We crossed the start mat at 8:16am, with the first mile of the race fully in the park, a change from last year's race. Starting on Center Drive, we headed east, then hooked up onto the main loop of the park, to summit Battle Pass Hill on the north end, signaling the first mile of the race.  We took a conservative pace making it up the hill, reaching it in just around 10 minute pace, before bearing right onto the road heading out onto the street through Grand Army Plaza. We bore right to continue onto Flatbush Avenue, taking us on a nice steady descent. I broke away from Kat and Nick, telling them I planned to continue my normal interval at the 19 minute mark, so in order to stay in close proximity with each other, I needed to take advantage of the downhill. We would continue to the turnaround point just before Empire Boulevard, naturally slowing down as we made our way up Flatbush. My second mile would end up being the fastest of the race, taking a whole minute off of the first mile.

Running past Grand Army Plaza
We passed Grand Army Plaza once again, and made a nice long downhill along Flatbush, as it made its way toward Downtown Brooklyn. I saw both Kat and Nick on the run back uphill on the other side of the road.  We would hit the mile 3 mark near the Barclays Center (a 29:50 5K, per official splits), as I continued along on a steady sub 10-minute mile pace. We reached mile 4 just as the course began to flatten out a bit; there were a few people out cheering for us, but it was markedly not like the experience of running along 4th Avenue during the marathon in November. My speed definitely got me feeling a bit warmer, so eventually I would discard my handwarmers before getting to the bridge.
Hello Downtown Brooklyn!
The Manhattan Bridge!
Eventually, we were staring at the ascent to the Manhattan Bridge.  I held on past my watch beeping at the 39 minute mark, as we crossed Myrtle Avenue, since the road was still flat. I made it past Tillary Street, and picked one of the gantries along the roadway as a landmark to stop at and do my customary one minute walk.  I was surprised how narrow the roadway was - we were running on the two lanes on the "northern" roadway of the bridge, seeing traffic going in both directions on the southern roadway. I did stop for a quick selfie along the bridge, as we had some magnificent views of the downtown skyline, with One World Trade Center positioned prominently behind me.  Nick was not far behind me, and we ran together across the span over the water.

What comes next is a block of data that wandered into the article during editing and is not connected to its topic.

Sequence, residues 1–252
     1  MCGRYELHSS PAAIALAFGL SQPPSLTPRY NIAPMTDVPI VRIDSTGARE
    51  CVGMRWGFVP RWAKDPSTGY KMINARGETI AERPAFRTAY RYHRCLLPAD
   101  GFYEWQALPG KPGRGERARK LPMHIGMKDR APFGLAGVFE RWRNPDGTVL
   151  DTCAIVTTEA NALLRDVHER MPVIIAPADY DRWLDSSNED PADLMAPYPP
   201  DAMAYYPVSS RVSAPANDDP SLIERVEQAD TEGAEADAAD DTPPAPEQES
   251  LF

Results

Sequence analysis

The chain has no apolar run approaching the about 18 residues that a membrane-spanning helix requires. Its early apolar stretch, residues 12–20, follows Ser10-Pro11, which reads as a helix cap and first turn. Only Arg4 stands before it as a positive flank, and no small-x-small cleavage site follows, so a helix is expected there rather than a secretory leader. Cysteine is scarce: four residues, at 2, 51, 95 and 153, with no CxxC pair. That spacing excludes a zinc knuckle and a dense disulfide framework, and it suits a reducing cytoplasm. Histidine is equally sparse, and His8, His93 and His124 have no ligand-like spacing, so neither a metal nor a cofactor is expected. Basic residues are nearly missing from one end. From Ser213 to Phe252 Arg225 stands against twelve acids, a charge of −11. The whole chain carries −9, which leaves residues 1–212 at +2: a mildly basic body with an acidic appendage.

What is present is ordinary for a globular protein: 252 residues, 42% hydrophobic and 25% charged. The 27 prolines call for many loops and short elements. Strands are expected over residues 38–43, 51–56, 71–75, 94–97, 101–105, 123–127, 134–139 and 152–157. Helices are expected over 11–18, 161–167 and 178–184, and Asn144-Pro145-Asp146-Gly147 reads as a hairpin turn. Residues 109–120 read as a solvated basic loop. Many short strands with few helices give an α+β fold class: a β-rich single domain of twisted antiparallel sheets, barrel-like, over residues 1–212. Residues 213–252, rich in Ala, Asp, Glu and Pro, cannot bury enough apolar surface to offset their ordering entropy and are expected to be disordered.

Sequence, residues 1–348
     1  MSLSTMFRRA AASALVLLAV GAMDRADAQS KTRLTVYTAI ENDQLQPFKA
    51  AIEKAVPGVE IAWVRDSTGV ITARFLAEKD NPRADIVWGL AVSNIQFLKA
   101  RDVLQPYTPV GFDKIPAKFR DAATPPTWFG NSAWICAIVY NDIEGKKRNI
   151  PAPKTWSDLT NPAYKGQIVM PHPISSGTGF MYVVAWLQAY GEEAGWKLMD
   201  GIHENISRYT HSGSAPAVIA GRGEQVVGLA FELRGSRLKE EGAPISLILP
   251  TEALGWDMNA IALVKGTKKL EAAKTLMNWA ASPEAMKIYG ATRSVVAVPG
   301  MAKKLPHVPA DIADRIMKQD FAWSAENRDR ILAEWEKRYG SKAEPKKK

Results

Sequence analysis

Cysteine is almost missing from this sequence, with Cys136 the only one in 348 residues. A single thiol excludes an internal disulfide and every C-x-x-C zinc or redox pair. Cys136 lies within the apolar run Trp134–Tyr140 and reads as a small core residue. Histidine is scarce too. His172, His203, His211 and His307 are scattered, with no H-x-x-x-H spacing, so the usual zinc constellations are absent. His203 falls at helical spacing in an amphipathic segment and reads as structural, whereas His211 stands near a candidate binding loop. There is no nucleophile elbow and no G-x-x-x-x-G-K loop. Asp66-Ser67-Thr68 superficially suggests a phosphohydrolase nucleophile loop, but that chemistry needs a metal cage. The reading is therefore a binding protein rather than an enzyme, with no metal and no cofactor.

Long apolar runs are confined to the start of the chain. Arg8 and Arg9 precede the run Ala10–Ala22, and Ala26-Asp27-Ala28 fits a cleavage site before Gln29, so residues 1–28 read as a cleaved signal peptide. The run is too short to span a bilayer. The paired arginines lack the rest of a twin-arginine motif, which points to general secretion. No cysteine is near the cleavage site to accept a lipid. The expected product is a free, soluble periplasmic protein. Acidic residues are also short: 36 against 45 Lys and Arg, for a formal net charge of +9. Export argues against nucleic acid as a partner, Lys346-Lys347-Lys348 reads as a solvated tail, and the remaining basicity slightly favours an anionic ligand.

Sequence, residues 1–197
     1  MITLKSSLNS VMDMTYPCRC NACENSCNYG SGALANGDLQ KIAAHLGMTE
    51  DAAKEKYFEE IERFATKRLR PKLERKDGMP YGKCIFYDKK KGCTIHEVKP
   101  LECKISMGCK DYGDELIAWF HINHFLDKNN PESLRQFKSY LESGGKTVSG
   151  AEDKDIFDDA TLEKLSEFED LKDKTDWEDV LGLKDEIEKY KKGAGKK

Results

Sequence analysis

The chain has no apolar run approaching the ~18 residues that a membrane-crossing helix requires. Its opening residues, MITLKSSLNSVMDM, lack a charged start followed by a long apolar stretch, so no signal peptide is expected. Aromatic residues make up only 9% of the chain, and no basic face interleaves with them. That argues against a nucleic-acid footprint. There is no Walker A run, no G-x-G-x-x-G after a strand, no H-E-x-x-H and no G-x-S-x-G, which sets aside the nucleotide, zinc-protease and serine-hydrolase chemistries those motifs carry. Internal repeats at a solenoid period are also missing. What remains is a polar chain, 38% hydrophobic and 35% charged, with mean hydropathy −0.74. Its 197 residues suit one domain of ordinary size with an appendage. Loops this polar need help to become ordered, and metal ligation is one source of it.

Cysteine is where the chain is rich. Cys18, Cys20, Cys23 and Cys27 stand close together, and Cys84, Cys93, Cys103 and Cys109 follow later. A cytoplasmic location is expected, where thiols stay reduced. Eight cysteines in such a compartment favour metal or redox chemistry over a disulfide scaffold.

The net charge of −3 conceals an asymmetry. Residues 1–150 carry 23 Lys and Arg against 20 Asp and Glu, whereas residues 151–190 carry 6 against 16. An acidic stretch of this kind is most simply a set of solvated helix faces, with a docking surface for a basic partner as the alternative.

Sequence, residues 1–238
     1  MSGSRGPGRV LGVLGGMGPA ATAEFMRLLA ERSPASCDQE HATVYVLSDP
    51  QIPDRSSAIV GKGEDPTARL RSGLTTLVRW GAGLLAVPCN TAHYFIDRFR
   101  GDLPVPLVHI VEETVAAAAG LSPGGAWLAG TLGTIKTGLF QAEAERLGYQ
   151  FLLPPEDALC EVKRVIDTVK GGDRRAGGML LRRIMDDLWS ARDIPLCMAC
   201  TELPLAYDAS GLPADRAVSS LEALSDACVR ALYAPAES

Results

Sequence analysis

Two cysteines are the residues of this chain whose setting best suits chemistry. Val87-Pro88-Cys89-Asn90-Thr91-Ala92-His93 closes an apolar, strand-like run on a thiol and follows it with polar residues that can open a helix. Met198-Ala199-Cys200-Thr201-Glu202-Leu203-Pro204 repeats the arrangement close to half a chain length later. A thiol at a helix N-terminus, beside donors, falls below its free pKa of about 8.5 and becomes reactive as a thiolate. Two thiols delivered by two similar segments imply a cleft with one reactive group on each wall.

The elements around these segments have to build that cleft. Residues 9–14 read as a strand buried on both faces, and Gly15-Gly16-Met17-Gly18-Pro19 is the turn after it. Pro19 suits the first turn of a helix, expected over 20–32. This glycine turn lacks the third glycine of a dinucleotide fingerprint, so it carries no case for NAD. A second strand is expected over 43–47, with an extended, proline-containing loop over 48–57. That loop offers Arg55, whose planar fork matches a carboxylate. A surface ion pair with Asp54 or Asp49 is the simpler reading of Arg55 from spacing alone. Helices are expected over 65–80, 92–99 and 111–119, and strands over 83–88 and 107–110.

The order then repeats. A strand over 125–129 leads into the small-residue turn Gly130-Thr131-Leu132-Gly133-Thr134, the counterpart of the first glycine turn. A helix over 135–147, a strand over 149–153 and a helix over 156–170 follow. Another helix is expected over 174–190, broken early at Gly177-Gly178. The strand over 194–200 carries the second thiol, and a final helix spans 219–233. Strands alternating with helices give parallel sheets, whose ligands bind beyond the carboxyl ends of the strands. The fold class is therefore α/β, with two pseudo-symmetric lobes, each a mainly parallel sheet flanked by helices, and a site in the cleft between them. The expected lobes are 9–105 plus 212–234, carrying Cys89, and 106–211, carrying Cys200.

That's a long way down from up here.
I registered a 10:30 mile 5, expected with the ascent, but promptly returned to a faster mile as we made our descent down the bridge into Manhattan.  I took another quick photo as I saw runners making their way down Pike Street below, then barrelled down the bridge as best as I could.  Notably, the downhill to the East River is longer and greater than the climb to the top. We rounded the corner at Canal Street, then turned right onto Pike Street, continuing to take advantage of downhill momentum as the course headed to South Street.  My sixth mile came in at a 9:17, and registered a strong 1:00:18 as I crossed the 10K timing mat.  I made a quick stop alongside the bridge to empty out a small pebble that made its way to the sole of my shoe.
Just came off of the Manhattan Bridge, about to enter FDR Drive
Running near Stuy Town on FDR Dr.
We turned left onto South Street, and from then began a stretch of the course that was super flat.  We ran underneath FDR Drive for several blocks, until we crossed underneath the roadway and made our way onto the drive itself at Montgomery Street. It would be nice and flat over the next three miles (save for a slight incline near Stuyvesant Town) as we had the entire northbound roadway of FDR Drive overlooking the East River to ourselves. I ran a few sub-10 minute miles along the way, sticking to my 19:1 interval, and even hit the 15K mark at 1:30:47, continuing a pretty evenly split 5K since the beginning of the race. The roadway ended at the United Nations Secretariat building and veered left to turn into 42nd Street.